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Freelancers Get Expert Advice at AAPA/NUJ Joint Seminar

5 November 2016 par AAPA France

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How do you survive and prosper as a freelance writer in France at a time when the media industry in undergoing such rapid change? Participants at our third freelance seminar (the first two took place in 1995 and 2004) on Oct. 15 heard some of the answers.

The five-hour session at the Maison de Métallos in the 11th arrondissement was the second freelance seminar organised jointly by the AAPA and the Paris branch of the National Union of Journalists of the UK.

More than 60 members of both groups, their guests and some students from the American University of Paris listened attentively to presentations from speakers on three panels, and learned a lot from the lively discussion that followed each one. The afternoon concluded with a networking hour over drinks and snacks.

AAPA members interested in reading fuller reports on the advice, options and solutions available to freelancers that were discussed in this and the other two panels should contact Barbara Casassus.
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The first of the three panels, entitled “The Business of Freelancing in France,” aimed to give freelancers practical information on how to navigate the tangled French rules. Participants included Martine Rossard, of the pôle pigistes of the Syndicat National des Journalistes, Sarah Vedrenne, an accountant and tax advisor, and Benoît Lewyllie of SMart, a cooperative that handles administrative chores for independents in the arts.
Speakers shared with us their advice on the types of legal status that freelancers can adopt depending on their circumstances, and went over the advantages and disadvantages. One conclusion echoed by the panellists was that freelancers should ideally seek to be salaried, to enjoy proper social protection, although this is unlikely to go beyond the current status for freelancers working for French media. The status of auto- or micro-entrepreneur and the AGESSA or droits d’auteur regime have some advantages for writers living in France who freelance for non-French companies.
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The second panel, entitled “The Changing Face of Journalism,” reviewed the state of the media industry, and how to find work at a time when many traditional media outlets have either shut down or shifted to online postings, bringing both job security and freelance fees down with them, and how to get paid fairly. Speakers included AAPA member Kim Willsher, Paris stringer for the Guardian, the Observer and the LA Times; Heather Stimmler-Hall, a blogger, journalist and author who now works for an NGO; John Toner, freelance organizer at the NUJ’s head office in London; former AAPA president Adrian Dearnell and founder of EuroBusiness Media, a content provider for corporate clients; and Natasha Edwards, NUJ Paris Branch freelance officer.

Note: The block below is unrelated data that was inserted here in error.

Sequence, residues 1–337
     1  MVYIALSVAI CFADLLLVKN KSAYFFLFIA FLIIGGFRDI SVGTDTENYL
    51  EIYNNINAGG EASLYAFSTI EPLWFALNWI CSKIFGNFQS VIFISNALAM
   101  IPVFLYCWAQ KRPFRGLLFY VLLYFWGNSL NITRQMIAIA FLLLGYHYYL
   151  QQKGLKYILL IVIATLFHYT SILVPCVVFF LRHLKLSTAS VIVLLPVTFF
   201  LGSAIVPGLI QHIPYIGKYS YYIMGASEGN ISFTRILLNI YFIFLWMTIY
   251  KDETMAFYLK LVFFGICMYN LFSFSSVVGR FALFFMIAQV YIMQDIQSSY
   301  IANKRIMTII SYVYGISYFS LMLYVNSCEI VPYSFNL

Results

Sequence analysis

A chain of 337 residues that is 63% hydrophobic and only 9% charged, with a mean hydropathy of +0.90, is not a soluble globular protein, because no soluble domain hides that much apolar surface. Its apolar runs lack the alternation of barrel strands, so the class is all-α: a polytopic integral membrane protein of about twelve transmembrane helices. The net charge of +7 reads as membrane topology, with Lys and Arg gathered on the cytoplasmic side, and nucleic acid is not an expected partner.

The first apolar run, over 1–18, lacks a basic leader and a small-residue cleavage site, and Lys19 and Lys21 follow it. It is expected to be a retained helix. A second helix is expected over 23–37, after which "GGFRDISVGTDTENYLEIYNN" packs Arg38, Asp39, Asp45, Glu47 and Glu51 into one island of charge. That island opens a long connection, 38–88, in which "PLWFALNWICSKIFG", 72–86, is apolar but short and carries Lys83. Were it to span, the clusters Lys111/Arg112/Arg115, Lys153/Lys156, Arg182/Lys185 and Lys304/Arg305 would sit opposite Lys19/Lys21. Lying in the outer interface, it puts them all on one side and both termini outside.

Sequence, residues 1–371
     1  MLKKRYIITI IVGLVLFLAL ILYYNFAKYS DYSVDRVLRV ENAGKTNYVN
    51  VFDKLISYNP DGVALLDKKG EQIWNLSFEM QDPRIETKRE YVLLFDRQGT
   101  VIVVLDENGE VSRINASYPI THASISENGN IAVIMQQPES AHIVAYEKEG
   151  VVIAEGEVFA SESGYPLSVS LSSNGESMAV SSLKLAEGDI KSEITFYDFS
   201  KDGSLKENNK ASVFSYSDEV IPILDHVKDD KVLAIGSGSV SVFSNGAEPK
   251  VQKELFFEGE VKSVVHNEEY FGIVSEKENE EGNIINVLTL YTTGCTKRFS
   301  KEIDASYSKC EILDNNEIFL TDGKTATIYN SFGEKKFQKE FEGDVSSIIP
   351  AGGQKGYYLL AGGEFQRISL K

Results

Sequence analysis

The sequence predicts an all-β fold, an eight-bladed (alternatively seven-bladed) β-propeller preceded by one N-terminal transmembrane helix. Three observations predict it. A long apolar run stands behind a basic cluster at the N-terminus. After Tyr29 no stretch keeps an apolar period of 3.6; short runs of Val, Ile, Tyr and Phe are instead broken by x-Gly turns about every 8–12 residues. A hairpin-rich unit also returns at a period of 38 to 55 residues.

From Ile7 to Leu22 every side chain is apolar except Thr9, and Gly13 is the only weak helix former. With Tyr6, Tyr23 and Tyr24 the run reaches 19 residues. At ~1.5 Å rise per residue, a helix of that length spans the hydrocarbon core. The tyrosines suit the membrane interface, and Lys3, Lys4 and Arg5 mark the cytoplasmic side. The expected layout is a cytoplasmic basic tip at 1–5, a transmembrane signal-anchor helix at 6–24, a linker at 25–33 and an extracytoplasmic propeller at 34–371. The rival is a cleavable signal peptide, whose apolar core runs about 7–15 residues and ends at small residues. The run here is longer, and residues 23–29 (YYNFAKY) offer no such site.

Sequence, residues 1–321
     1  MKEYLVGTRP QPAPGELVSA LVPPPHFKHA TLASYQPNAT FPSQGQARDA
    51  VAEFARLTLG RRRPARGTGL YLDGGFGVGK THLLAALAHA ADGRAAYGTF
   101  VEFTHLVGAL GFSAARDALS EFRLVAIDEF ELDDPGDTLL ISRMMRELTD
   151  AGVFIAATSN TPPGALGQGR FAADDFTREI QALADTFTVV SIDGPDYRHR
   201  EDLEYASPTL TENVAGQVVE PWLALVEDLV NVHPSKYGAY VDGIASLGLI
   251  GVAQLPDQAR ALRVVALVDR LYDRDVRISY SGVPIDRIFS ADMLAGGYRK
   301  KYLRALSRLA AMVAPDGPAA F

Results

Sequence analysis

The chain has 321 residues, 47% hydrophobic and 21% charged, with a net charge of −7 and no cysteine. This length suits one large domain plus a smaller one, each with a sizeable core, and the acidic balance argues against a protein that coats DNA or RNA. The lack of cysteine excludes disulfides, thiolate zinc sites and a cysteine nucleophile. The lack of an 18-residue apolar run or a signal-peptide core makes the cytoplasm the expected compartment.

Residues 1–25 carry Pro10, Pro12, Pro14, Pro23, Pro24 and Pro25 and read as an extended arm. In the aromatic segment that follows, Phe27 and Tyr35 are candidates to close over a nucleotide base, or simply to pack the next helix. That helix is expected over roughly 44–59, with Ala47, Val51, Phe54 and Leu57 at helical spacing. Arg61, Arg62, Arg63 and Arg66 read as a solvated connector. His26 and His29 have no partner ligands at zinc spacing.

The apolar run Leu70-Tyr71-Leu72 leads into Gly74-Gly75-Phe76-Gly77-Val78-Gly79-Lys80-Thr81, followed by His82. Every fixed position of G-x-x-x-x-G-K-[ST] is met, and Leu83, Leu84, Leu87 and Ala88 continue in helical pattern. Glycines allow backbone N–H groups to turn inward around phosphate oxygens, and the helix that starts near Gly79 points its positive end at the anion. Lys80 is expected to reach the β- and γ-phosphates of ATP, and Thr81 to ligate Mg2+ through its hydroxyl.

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The main takeaway from this panel was that freelancers must broaden their skills beyond writing and become proficient in social media and multi-media. It is crucial these days for journalists to have a strong social media presence where commissioning editors can see their interests and work. And a regularly updated LinkedIn profile is also a big advantage. In addition, freelancers should seek new opportunities in areas where demand for content is growing, notably among corporates, and develop their network of commissioning contacts.
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The third panel attempted to dispel some of the gloom from the previous discussion, with speakers sharing their positive experiences of being a freelance journalist despite the challenges they face. Taking part in this panel, which provoked a lively discussion, were AAPA members Shellie Karabell, Lisa Bryant and Tom Haley. Participants in the audience said they appreciated the personal anecdotes of these panelists. Here, too, there was a consensus that today’s journalists must be multi-skilled if they are to be successful, learning radio, video, film editing and multimedia, and should ideally specialize in a niche area to make themselves more attractive to commissioning editors.

– David Pearson
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